Ch-ch-ch-ch-changes continued to come to the World Championship Old-Time Piano Playing Contest and Festival as the 1980s gave way to the 1990s.
With the contest about to embark on its fourth year as a Decatur, IL event (its fourth year as an indoor attraction after twelve of them taking place outdoors in Monticello, IL), the Monticello Railway Museum decided to pull out.
With that, a new group was needed to put the C&F on...and so, in March 1990, the Old-Time Music Preservation Association (OMPA) was put together. Its purpose, besides overseeing the contest, was to promote the very first form of popular music to ever come out of these United States.
All you needed to become a member of OMPA (besides a love of old-time music) was, at first, an annual fee of $20. And, if you forked over that fee, you'd also get a newsletter called The Old Piano Roll News.
Two months after the organization began, its first major order of business was to ultimately hand six cash prizes (and two championship trophies) to the six most deserving of twenty 1990 OTPP hopefuls- fifteen Regular Division performers and five Junior Division contestants. (In those days, all the JD pianists competed for just one cash prize.)
The Junior Division field that year was almost a family affair (or Family Affair, if you will) thanks to the presence of Tom, Katie, and Carrie Drury...but they and Aaron George couldn't prevent the Dax Baumgartner Express from chugging to a third straight title (and a berth in the Regular Division the next year).
Speaking of Regular Division...two of the contestants came back to the festivities after a long stretch of time away: Bruce Petsche (he won it all in 1980) and Faye Ballard (she almost won it all in 1976...as a twelve-going-on-thirteen-year-old). Plus, as was the case in 1988, the Two Kellers (Sue and her mother Betty) were in search of the Traveling Trophy. Lillian Nelson, Marcy Fruchter, Fran Stowe, and Fletcher St. Cyr were first-time contestants, and they were after the Big Dough.
What's more, Neil Moe was trying to become the first Junior Division titleholder to snag a Regular Division championship.
"Perfessor" Bill Edwards, Marty Mincer, Therese Bradisse, Mark Lutton, and Lorraine Pantalena all came back.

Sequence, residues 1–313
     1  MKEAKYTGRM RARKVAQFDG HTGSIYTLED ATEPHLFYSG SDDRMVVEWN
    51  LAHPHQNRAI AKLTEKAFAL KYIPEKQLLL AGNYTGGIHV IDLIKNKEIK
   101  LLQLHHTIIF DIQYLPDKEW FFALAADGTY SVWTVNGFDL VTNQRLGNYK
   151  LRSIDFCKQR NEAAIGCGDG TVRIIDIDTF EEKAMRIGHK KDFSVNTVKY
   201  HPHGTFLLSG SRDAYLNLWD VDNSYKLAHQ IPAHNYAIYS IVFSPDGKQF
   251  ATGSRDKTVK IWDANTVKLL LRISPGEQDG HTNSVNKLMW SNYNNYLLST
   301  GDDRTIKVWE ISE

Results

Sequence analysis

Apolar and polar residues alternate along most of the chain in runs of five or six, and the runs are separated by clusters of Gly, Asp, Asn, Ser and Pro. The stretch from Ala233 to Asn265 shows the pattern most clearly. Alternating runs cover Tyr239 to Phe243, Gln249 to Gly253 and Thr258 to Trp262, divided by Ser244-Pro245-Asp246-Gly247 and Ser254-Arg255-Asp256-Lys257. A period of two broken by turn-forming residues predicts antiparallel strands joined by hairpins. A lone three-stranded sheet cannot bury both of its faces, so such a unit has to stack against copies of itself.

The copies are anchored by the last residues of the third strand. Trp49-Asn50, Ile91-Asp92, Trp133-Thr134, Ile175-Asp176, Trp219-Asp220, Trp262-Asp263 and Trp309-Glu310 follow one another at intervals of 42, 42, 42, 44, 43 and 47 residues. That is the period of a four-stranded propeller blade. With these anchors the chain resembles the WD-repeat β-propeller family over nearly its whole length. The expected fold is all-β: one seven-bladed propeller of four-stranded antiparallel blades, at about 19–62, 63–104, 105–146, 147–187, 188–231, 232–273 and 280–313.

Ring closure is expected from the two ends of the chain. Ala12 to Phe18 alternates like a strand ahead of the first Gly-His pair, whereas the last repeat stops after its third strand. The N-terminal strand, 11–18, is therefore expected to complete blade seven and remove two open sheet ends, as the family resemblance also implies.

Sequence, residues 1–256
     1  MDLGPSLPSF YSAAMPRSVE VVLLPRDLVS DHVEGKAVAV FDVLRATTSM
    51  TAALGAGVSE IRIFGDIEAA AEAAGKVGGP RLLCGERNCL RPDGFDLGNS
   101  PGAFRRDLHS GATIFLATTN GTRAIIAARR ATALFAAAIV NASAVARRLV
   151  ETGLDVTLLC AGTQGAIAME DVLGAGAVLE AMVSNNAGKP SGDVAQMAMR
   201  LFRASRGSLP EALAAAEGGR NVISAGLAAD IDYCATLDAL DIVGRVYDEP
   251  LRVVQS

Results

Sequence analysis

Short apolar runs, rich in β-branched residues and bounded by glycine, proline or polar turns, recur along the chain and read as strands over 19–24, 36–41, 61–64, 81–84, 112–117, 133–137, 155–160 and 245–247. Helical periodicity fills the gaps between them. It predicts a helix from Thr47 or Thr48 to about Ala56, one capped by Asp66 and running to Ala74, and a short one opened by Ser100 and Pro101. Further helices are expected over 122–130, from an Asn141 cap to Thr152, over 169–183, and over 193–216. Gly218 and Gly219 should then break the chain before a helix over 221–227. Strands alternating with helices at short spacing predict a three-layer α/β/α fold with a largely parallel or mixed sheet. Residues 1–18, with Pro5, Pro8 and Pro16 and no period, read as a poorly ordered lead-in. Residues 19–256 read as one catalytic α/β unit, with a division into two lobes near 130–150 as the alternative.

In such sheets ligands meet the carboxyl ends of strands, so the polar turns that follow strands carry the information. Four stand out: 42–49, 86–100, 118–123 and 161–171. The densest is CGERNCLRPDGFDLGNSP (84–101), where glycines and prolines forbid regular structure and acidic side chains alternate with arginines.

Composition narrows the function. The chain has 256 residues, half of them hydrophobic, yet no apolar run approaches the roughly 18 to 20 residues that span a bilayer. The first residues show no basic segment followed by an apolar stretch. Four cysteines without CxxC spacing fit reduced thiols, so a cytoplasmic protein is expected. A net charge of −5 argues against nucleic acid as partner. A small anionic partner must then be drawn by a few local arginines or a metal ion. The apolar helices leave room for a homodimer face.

Taslimah Bey didn't.
Paul Gronemeier didn't, either.
Neither did the reigning RD champion, Julie McClarey.
Her and husband Steve's family was growing...otherwise, Julie might've won the 1990 Reg crown.
That crown went to Marty, an apple farmer from Hamburg, IA...and he became the first Hawkeye Stater to bag OTPP's top prize, with Bill, Sue, Neil, and Betty also getting RD prize money. (And Marty won it all in his grandfather's band uniform.)
By the way...it's a great time to tell you that, if you're going to compete in OTPP, you've got to put on a costume. You've got to compete in something people generally wore during the 1880-1929 period.
This means that men contestants have generally worn period suits, tuxedos, and- more often than not- that familiar white shirt-vest-bow tie-slacks-arm garter combination (the outfit I like to call "bartender's duds"). Sometimes, the OTPP men have added hats to the outfits.
And another exception besides Marty's band uniform (that actually was his granddad's) was the overalls Dale Wells once competed in.
Women contestants usually have donned those long, long dresses from pioneer days or from the turn of the 20th Century...or they'd put on those flapper dresses (or gowns) from the 1920s.
And some OTPP women have worn the bartender's duds themselves...and Jennifer Booker once competed in overalls, while Taslimah went at it in a tuxedo.
In 1991, fifteen pianists total did their thing at Decatur's Holiday Inn Conference Hotel (the venue's then name)...and all but three were in the adult division. (Dax wasn't one of the RDs...and neither was Sue. And that made the '91 competition a one-Keller event, thanks to Betty's presence as a competitor.)
The JD field consisted of newcomers, two of whom we'd be hearing from for years to come. That year, Kris Becker finished third in the Junior Division, Marty Sammon (that's right, blues fans- THAT Marty Sammon) came out second best, and Adam Downey took Dax' place as the best JD ragtimer.
And Adam would go on to his own three-year run at the top of the younger division.
With Sue no longer competing (and, instead, getting ready to embark on a long run of serving OTPP in many other ways- especially as a contest judge), Dale slipped in as one of the 1991 RD finalists; in the process, he joined Betty, Mark, Marty M., and the ol' Perfessor as the Top Five.
This time, the computer programer from the DC area swapped places with the apple farmer from Southwest Iowa...with Bill E. snatching the Big Trophy away from Marty M.